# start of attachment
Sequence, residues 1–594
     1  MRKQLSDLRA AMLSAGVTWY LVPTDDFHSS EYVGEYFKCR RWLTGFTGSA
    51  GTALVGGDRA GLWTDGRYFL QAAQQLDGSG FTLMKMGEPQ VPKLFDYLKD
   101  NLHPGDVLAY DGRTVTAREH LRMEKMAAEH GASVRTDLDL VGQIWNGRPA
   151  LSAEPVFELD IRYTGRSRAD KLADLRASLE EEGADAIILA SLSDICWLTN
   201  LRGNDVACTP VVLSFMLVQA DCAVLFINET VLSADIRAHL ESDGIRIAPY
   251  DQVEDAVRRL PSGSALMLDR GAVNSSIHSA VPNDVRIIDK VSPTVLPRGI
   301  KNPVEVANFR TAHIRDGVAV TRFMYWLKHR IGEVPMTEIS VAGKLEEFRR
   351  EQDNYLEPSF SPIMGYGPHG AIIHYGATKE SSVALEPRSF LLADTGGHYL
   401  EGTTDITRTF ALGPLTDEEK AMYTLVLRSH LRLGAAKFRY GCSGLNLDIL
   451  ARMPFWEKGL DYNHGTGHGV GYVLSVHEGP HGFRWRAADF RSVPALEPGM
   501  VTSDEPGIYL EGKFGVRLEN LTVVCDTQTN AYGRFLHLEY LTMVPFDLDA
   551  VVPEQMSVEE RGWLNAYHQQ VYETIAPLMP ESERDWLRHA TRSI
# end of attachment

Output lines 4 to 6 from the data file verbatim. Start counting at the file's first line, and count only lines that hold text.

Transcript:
   101  NLHPGDVLAY DGRTVTAREH LRMEKMAAEH GASVRTDLDL VGQIWNGRPA
   151  LSAEPVFELD IRYTGRSRAD KLADLRASLE EEGADAIILA SLSDICWLTN
   201  LRGNDVACTP VVLSFMLVQA DCAVLFINET VLSADIRAHL ESDGIRIAPY